Thursday, May 10, 2007 WTCC, 1800 Argyle Street, Halifax, NS 5:15pm – 9:15pm Showcasing the successes of Nova Scotia’s talented export companies and recognizing exceptional achievement. For more info: www.exportachievementawards.com ; Candace Sweet at 424-6814 E-mail: email@example.com
Black Business Initiative Annual General Meeting
Friday, June 22, 2007 Location and Time to Be Announced
Halifax Chamber of Commerce B2B Expo 2007
Thursday, October 18, 2007 WTCC, 1800 Argyle Street, Halifax, NS Metro’s largest business-to-business networking event. The day includes a Seminar Series and the B2B Café Showcase. Info: Melissa Hawkes at Melissa@halifaxchamber.com
To submit items for the Community Calendar contact Dorothy Fletcher at (902) 426-8683
Congratulations to the Black Business Initiative on your 10th Anniversary, from all of us at Stewart McKelvey.
Barristers, Solicitors and Trademark Agents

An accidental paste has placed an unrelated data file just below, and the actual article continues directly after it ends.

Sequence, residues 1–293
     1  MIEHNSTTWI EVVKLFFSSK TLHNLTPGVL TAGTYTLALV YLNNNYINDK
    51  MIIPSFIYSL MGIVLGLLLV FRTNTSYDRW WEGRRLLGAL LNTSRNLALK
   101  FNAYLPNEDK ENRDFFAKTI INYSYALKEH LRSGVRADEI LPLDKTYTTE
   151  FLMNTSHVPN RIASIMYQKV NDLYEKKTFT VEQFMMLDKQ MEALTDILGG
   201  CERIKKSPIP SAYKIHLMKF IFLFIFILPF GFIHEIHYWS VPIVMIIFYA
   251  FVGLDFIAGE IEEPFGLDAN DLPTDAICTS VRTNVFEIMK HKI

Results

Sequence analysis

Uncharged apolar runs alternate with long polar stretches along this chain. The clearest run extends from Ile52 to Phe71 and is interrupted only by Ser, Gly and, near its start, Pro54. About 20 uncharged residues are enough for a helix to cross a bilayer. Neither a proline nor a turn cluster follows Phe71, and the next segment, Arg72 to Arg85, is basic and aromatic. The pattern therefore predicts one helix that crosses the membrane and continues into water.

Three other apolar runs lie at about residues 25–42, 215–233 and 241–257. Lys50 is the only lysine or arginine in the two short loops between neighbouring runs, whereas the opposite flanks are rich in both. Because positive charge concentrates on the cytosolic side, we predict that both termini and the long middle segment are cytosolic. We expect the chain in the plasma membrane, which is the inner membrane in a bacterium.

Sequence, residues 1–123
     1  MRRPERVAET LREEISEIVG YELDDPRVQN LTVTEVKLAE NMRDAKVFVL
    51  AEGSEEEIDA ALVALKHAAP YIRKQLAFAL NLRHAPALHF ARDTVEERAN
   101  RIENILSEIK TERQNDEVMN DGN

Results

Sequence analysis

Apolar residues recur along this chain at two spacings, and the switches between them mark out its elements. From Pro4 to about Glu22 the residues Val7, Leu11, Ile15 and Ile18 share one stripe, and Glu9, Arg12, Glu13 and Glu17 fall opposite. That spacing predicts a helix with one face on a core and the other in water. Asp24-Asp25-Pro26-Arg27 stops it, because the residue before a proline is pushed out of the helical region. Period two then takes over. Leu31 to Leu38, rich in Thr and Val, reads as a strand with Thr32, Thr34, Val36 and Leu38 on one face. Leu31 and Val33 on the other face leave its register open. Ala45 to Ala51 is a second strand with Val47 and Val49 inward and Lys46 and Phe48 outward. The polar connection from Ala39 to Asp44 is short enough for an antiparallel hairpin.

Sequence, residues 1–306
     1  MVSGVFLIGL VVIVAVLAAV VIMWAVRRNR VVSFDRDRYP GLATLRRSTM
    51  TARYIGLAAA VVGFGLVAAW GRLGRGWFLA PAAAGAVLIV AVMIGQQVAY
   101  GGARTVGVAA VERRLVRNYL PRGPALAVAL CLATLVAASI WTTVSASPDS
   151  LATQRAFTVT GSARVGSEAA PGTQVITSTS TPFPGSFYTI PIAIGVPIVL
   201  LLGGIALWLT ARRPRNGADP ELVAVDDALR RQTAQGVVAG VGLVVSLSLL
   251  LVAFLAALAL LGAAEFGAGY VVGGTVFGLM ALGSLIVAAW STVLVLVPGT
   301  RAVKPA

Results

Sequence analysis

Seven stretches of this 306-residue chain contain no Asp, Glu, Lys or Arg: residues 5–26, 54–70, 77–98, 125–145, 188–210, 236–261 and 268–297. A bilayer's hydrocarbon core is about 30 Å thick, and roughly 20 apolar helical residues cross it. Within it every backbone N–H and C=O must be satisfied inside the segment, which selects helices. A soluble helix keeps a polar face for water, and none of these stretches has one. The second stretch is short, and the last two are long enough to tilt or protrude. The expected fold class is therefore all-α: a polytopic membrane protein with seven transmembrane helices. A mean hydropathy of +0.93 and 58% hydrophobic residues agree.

Return and Risk Profile for a $5,000 investment (50 shares)* Investor A
Average Annual Income
Equity Tax Credit for: 5 years
Capital at risk for:
*We assume a minimum investment of $5,000 for RRSP holdings due to service fees
Thank you for investing in us. For information on how the Fund works and to become an investor, call Gordon Doe at (902) 426-6985
Lynn Jones “Finally, I can contribute to a meaningful investment vehicle that allows me to help Black Business and our African Nova Scotian Community grow and prosper. The 30% immediate tax incentive affords me the opportunity to personally gain too!”
Tom Boyd “This is my fourth year investing in the Black Business Community Investment Fund Limited (BBCIFL). It increases the level of economic activity and prosperity within Black-owned Businesses. And a 30% tax credit is a considerable reduction in payable taxes. All Nova Scotians should consider seriously investing in the fund.”
Caution to Investor – This advertisement is not to be construed as an exempt offering to the public in Nova Scotia unless a simplified offering document relating thereto has been filed with and its use has not been objected to by the Nova Scotia Securities Commission. The offering is made by the simplified offering document only and copies thereof may be obtained from such sales agents and promoters as may lawfully offer these securities in Nova Scotia.
If undeliverable return to: The Black Business Initiative 1575 Brunswick Street, Halifax, Nova Scotia B3J 2G1 Publications Mail Agreement No.
numéro de convention